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I'm after suggestions on how to increase mysql performance on my server, any help would be greatly appreciated.

  • CPU - 4 core
  • RAM - 16GB
  • Databases - 14 Innodb databases with around 20 tables in each (no other databases).
  • The server is also used as an application and web server.

My my.cnf is as follows:-

[mysql]

# CLIENT #
port                            = 3306
socket                          = /var/run/mysqld/mysqld.sock

[mysqld_safe]

# SAFE #
socket                          = /var/run/mysqld/mysqld.sock
nice                            = 0

[mysqld]

# GENERAL #
user                            = mysql
default-storage-engine          = InnoDB
socket                          = /var/run/mysqld/mysqld.sock
pid-file                        = /var/run/mysqld/mysqld.pid
lc-messages-dir                 = /usr/share/mysql
tmpdir                          = /tmp
basedir                         = /usr
bind-address                    = 127.0.0.1
skip-external-locking

# MyISAM #
key_buffer_size                 = 32M
myisam-recover-options          = FORCE,BACKUP

# SAFETY #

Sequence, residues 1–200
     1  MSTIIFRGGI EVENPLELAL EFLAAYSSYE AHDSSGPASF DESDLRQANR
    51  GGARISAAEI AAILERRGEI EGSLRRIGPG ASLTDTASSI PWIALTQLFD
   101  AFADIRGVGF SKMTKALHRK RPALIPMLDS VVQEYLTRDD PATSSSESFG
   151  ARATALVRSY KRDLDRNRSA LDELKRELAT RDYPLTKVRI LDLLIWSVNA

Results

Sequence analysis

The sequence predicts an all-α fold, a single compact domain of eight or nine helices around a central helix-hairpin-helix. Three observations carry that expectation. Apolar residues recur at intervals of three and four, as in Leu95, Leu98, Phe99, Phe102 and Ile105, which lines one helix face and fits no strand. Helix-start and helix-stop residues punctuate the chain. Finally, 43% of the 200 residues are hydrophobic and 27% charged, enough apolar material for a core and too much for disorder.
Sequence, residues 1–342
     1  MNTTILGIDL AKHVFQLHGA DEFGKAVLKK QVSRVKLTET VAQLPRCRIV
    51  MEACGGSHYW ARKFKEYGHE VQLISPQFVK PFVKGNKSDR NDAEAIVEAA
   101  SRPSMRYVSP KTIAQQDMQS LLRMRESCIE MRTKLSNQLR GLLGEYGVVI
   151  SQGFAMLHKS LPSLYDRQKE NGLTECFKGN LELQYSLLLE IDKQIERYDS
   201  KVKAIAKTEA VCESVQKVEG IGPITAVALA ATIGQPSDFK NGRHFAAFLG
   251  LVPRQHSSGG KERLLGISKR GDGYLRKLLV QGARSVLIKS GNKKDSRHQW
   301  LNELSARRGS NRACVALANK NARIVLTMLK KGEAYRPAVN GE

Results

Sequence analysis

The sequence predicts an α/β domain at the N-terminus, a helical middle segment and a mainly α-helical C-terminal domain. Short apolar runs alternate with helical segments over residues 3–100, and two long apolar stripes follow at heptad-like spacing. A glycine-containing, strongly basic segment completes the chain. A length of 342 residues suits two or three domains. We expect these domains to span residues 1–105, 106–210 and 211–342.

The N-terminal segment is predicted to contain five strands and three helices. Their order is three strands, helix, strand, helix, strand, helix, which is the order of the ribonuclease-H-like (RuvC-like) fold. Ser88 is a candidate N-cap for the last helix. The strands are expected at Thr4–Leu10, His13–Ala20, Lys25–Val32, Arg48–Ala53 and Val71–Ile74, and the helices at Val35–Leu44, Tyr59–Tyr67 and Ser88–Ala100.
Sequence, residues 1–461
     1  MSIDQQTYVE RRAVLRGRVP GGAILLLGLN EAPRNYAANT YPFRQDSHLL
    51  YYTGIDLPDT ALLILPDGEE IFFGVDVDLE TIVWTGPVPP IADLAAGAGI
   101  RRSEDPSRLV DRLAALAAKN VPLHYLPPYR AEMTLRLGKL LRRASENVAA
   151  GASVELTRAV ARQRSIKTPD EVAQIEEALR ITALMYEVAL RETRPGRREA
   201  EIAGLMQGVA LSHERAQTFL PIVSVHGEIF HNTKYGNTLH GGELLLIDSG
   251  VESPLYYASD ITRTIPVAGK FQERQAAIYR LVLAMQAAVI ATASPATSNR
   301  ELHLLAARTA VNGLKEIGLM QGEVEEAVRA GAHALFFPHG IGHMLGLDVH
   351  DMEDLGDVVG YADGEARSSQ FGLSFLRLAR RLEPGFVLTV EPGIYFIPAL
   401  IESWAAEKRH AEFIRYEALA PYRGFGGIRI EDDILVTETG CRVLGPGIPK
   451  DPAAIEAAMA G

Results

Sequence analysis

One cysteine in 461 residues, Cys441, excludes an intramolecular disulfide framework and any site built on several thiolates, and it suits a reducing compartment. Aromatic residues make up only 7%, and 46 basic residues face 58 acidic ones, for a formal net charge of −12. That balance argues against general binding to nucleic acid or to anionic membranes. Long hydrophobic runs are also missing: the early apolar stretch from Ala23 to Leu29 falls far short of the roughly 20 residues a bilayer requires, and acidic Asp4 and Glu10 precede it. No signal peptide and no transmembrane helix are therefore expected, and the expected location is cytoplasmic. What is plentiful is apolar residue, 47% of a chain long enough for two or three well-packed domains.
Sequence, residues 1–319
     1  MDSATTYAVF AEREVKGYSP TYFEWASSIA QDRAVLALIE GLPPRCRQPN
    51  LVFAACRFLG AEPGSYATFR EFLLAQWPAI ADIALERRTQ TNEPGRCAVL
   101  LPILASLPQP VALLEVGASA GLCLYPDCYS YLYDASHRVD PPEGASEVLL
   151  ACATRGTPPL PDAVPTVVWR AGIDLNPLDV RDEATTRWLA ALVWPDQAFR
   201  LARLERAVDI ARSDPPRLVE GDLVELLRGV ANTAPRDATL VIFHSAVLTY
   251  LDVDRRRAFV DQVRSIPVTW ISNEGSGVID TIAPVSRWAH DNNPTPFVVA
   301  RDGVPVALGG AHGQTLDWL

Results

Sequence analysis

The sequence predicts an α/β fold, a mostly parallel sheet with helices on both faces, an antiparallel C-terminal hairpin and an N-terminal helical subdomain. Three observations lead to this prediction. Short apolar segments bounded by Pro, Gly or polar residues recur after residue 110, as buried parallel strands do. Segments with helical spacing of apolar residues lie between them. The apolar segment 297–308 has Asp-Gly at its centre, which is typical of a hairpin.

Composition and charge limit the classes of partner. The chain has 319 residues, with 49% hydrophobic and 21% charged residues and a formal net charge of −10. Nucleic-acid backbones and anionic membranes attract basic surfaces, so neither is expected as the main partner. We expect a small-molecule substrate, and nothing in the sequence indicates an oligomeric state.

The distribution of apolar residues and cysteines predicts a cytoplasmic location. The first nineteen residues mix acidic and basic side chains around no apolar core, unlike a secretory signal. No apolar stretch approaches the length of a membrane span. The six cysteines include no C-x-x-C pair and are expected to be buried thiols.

max_allowed_packet              = 16M
max_connect_errors              = 1000000

# DATA STORAGE #
datadir                         = /var/lib/mysql/

# CACHES AND LIMITS #
tmp_table_size                  = 32M
max_heap_table_size             = 32M
query_cache_limit               = 1M
query_cache_size                = 200M
max_connections                 = 500
thread_cache_size               = 50
open_files_limit                = 65535
table_definition_cache          = 1024
table_open_cache                = 2048

# INNODB #
innodb_flush_method             = O_DIRECT
innodb_log_files_in_group       = 2
innodb_log_file_size            = 256M
innodb_flush_log_at_trx_commit  = 1
innodb_file_per_table           = 1
innodb_buffer_pool_size         = 1G

# LOGGING #
log_error                       = /var/log/mysql/error.log

[mysqldump]

max_allowed_packet              = 16M
quick
quote-names

[isamchk]

key_buffer                      = 16M

#
# * IMPORTANT: Additional settings that can override those from this file!
#   The files must end with '.cnf', otherwise they'll be ignored.
#
!includedir /etc/mysql/conf.d/
  • Do you have actual performance problems? If yes, then I suggest to enable slow query logging and check it after few hours to few days (depends on how much traffic do you server). You can use pt-query-digest to analyze the log. Then try to optimize the worst queries and see how that helps. If you have bad queries, no amount of my.cnf tunning can really help before you make those better. – jkavalik Jul 14 '15 at 6:06
  • 2
    What might be a good idea before doing anything else is to put your app and web servers onto (a) separate machine(s). Not only will that possibly help performance, it will give you far better visibility as to any problem areas with the database. Having said that, in my experience, in the majority of multi-tier apps, the problem is normally at the database. – Vérace Jul 14 '15 at 8:37

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